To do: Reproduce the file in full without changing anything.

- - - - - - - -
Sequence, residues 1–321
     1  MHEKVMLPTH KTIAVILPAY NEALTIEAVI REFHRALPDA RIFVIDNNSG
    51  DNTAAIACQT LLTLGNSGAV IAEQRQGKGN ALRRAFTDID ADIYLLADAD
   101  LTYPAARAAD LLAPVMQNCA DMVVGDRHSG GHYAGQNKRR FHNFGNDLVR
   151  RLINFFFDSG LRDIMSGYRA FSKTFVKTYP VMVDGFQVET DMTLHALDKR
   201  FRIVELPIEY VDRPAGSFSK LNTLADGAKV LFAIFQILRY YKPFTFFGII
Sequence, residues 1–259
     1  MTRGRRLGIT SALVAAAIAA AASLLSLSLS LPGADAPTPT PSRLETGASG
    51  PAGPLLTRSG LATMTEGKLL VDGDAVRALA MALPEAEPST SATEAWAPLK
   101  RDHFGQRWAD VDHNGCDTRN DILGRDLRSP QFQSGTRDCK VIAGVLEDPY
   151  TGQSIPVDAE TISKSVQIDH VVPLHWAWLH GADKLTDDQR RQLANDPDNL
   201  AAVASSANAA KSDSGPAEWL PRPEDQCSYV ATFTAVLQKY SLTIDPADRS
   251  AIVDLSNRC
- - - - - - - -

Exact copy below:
Sequence, residues 1–321
     1  MHEKVMLPTH KTIAVILPAY NEALTIEAVI REFHRALPDA RIFVIDNNSG
    51  DNTAAIACQT LLTLGNSGAV IAEQRQGKGN ALRRAFTDID ADIYLLADAD
   101  LTYPAARAAD LLAPVMQNCA DMVVGDRHSG GHYAGQNKRR FHNFGNDLVR
   151  RLINFFFDSG LRDIMSGYRA FSKTFVKTYP VMVDGFQVET DMTLHALDKR
   201  FRIVELPIEY VDRPAGSFSK LNTLADGAKV LFAIFQILRY YKPFTFFGII
Sequence, residues 1–259
     1  MTRGRRLGIT SALVAAAIAA AASLLSLSLS LPGADAPTPT PSRLETGASG
    51  PAGPLLTRSG LATMTEGKLL VDGDAVRALA MALPEAEPST SATEAWAPLK
   101  RDHFGQRWAD VDHNGCDTRN DILGRDLRSP QFQSGTRDCK VIAGVLEDPY
   151  TGQSIPVDAE TISKSVQIDH VVPLHWAWLH GADKLTDDQR RQLANDPDNL
   201  AAVASSANAA KSDSGPAEWL PRPEDQCSYV ATFTAVLQKY SLTIDPADRS
   251  AIVDLSNRC